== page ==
Morris Claiborne, Bruce Carter on Cowboys' hot seat


Philip Rivers' 83.3 percent completion rate in the San Diego Chargers' 30-21 victory over the Dallas Cowboys was the highest any quarterback ever has recorded in a 400-yard performance.

Rivers exploited two Cowboys defenders in particular: weakside linebacker Bruce Carter and cornerback Morris Claiborne.

Although Dallas' coaches are reluctant to use the word "benching," coverage woes have led to increased roles for Ernie Sims and Orlando Scandrick at the expense of Carter and Claiborne, respectively.

Opposing quarterbacks have completed 25 of 35 passes (71.4 percent) for 268 yards when targeting Carter this season, per Pro Football Focus.

"Bruce had some problems covering their guys," coach Jason Garrett said Monday, via the team's official website. "Two of their touchdowns were scored with (Danny) Woodhead on him, and he didn't cover him that well, and there some other things going on in our other coverages that he didn't do a good enough job on."

While Scandrick has limited opposing receivers to 5.8 yards per catch, Claiborne ranks just 99th among 101 cornerbacks graded by Pro Football Focus this season.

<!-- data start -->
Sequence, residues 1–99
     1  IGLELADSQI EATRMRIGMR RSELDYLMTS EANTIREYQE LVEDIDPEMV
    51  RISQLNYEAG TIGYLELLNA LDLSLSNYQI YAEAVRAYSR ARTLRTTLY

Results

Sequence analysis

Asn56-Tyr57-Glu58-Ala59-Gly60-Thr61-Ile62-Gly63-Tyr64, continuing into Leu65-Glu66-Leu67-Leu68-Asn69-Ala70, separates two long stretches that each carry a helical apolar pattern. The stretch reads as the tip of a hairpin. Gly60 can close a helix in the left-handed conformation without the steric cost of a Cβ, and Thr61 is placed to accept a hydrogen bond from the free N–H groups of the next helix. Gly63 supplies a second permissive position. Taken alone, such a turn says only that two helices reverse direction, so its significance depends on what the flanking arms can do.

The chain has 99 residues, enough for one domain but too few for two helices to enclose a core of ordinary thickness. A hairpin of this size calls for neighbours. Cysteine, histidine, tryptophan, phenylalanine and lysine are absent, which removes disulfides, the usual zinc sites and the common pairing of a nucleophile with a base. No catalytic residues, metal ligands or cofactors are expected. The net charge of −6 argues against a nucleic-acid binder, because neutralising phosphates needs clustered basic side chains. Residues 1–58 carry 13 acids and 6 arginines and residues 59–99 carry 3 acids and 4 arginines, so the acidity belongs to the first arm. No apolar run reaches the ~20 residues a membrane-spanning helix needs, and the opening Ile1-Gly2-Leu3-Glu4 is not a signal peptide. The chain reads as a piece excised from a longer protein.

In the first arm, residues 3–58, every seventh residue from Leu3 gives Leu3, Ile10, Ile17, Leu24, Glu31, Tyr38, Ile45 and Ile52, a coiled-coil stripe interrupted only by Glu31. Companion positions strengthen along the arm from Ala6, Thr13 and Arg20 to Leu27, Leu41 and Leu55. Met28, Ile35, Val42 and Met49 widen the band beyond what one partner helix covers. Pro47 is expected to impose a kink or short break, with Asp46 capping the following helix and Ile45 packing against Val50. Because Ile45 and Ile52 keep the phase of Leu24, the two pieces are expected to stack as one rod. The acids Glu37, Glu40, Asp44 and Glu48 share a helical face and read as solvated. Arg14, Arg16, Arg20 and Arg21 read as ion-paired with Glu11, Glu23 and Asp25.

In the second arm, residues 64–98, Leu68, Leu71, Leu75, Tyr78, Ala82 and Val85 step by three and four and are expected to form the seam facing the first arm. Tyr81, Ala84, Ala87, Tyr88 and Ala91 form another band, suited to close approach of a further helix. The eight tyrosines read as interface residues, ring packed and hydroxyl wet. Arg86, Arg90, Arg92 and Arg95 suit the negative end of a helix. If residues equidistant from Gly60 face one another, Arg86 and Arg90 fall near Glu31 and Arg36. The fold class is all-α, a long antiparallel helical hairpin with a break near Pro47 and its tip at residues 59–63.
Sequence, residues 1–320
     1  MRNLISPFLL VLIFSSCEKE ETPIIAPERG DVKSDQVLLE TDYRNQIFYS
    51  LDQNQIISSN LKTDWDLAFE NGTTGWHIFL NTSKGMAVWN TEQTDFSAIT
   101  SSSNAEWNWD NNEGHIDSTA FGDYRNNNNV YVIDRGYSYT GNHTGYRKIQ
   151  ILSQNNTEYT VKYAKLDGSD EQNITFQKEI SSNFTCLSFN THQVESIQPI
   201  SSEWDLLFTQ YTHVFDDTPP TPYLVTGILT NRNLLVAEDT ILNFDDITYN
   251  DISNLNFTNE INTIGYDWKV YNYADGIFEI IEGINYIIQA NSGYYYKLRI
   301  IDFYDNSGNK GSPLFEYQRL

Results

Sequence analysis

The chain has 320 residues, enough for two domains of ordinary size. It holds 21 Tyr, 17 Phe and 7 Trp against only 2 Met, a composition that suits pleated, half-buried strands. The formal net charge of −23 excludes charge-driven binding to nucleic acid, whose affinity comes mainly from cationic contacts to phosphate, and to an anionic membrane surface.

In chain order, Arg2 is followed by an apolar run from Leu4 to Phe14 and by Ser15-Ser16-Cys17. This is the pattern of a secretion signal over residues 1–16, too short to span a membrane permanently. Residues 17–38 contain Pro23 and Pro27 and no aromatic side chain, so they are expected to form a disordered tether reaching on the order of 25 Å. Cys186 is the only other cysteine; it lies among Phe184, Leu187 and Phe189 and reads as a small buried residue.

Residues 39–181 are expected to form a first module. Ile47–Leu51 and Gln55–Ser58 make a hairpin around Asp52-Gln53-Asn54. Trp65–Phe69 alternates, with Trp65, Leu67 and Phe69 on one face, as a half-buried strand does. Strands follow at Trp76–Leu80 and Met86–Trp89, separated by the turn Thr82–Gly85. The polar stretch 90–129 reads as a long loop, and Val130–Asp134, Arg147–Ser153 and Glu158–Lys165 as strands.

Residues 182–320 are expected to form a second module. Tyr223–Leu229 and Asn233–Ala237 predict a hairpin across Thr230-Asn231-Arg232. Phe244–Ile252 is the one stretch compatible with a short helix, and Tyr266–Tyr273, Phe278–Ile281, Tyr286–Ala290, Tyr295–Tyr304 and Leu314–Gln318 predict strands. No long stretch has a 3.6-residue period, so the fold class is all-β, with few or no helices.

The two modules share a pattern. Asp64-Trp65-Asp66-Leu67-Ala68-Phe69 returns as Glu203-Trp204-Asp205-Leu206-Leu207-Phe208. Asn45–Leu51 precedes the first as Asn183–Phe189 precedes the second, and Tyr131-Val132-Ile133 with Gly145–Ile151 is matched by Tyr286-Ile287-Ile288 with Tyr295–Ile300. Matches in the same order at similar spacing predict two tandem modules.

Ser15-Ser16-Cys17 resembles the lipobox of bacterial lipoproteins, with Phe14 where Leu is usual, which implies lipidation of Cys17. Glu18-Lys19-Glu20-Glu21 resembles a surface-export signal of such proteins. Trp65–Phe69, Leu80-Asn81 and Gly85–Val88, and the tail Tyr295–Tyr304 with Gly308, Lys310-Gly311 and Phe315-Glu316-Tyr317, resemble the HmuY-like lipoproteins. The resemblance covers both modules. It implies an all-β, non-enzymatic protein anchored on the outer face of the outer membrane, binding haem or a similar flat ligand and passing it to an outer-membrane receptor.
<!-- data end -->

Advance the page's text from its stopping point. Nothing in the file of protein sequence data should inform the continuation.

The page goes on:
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An NFC personnel man opined to that Claiborne is "a good cover guy with top-flight weight, height and speed to cover," but he isn't a ballhawk and has trouble following the ball at times.

Garrett believes the No. 6 overall pick in the 2012 NFL Draft has been plagued by poor technique and low confidence while playing through a dislocated shoulder.

"They went to him too much in this ballgame, and they were too effective," Garrett said. "He's just got to play better, and he will play better."

Claiborne isn't winning any points with executive vice president Stephen Jones, who declared Monday that it's time for the cornerback's "injury thing to leave the scene."

The Cowboys understandably had lofty preseason expectations for both Carter and Claiborne as potential breakout stars. At the quarter-season mark, the two high draft picks now are under pressure to start carrying their weight on a defense that has shut down opposing rushing attacks.

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